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I am experimenting with the Google App Engine and have a question.

For the sake of simplicity, let's say my app is modeling a computer network (a fairly large corporate network with 10,000 nodes). I am trying to model my Node class as follows:

class Node(db.Model):
    name = db.StringProperty()
    neighbors = db.SelfReferenceProperty()  

Let's suppose, for a minute, that I cannot use a ListProperty(). Based on my experiments to date, I can assign only a single entity to 'neighbors' - and I cannot use the "virtual" collection (node_set) to access the list of Node neighbors.

So... my questions are:

  1. Does SelfReferenceProperty limit you to a single entity that you can reference?
  2. If I instead use a ListProperty, I believe I am limited to 5,000 keys, which I need to exceed.


All wrapped up in my shorts as I was, I forgot the *ReferenceReleationship is "backwards" --- the "list" of things points back to the one side of the relationship. The SelfReferenceProperty works as I thought it would. My bad. I'll still need to deal with the large "many" side of the relationship - and I don't think a ListProperty will do the trick, but I'll post what I find.

Thanks, John

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The answer field is reserved strictly for answers. If you need to add a reply or more information, please just update your question or use the comment feature under the individual answer :) – Tim Post Feb 24 '11 at 11:42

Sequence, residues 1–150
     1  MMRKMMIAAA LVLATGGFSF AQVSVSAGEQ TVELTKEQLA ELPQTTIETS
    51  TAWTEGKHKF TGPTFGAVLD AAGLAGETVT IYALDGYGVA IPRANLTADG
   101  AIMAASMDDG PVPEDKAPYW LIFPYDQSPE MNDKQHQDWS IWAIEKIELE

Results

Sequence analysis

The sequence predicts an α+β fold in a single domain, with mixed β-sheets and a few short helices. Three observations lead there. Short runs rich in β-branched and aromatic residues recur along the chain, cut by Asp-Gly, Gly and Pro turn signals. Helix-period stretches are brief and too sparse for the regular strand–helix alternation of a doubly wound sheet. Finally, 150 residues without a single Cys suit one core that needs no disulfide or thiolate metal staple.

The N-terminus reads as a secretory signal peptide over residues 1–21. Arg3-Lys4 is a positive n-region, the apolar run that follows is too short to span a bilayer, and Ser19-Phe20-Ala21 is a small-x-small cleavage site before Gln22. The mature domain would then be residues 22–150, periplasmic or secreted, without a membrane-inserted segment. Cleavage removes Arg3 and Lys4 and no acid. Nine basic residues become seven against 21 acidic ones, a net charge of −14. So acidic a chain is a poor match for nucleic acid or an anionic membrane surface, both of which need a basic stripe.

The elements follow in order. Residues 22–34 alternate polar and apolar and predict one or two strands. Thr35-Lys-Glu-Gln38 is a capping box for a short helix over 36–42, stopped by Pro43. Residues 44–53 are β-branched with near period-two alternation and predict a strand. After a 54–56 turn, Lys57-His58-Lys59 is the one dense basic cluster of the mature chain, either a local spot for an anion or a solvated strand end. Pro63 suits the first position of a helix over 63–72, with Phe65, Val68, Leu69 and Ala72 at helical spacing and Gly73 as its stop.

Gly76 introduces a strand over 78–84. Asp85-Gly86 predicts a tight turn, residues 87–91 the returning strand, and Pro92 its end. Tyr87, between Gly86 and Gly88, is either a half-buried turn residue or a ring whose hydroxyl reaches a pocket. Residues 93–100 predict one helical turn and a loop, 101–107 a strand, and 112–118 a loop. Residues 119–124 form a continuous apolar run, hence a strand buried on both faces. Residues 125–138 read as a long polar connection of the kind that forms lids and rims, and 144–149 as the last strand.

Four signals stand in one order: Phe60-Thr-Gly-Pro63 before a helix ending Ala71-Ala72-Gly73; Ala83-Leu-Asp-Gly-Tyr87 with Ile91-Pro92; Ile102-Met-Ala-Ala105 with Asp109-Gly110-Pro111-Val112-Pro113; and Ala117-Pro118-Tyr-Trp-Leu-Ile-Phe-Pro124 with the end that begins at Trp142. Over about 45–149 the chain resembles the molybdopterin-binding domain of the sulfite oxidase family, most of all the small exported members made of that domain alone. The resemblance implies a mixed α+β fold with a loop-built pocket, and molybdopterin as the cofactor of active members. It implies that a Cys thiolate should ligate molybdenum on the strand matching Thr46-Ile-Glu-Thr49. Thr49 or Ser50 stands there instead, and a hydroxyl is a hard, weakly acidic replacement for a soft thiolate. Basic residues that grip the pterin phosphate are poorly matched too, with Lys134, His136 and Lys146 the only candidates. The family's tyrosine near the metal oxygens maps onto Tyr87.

Re 1, yes (if I understand correctly what you're asking): for each property in a model, each instance of the model (AKA "entity") has one value for that property. So e.g. an IntegerProperty has one integer value for a given entity, a SelfReferenceProperty has one value (internally a key string) for a given entity, and so forth. Not a single value for all instances of the module, of course, but I don't believe that's what you mean.

Re 2, the 5000 limit (wow, that's a lot of neighbors for a single node graph that only has 10000 nodes in all!) I believe you're referring to is on indices for an entity -- this article explains the limitation better.

One possible workaround is to have no neighbors property at all on the nodes, but rather a separate Connection model to represent the connection from one node to another (with ReferenceProperty properties, in the Connection, that each refer to a Node). You'll need something extra in the Connection (e.g., progressive counts of incoming and outgoing connections for the affected nodes) to be able to fetch many thousands of them, of course (in multiple queries, given the 1000-at-a-time limitation).

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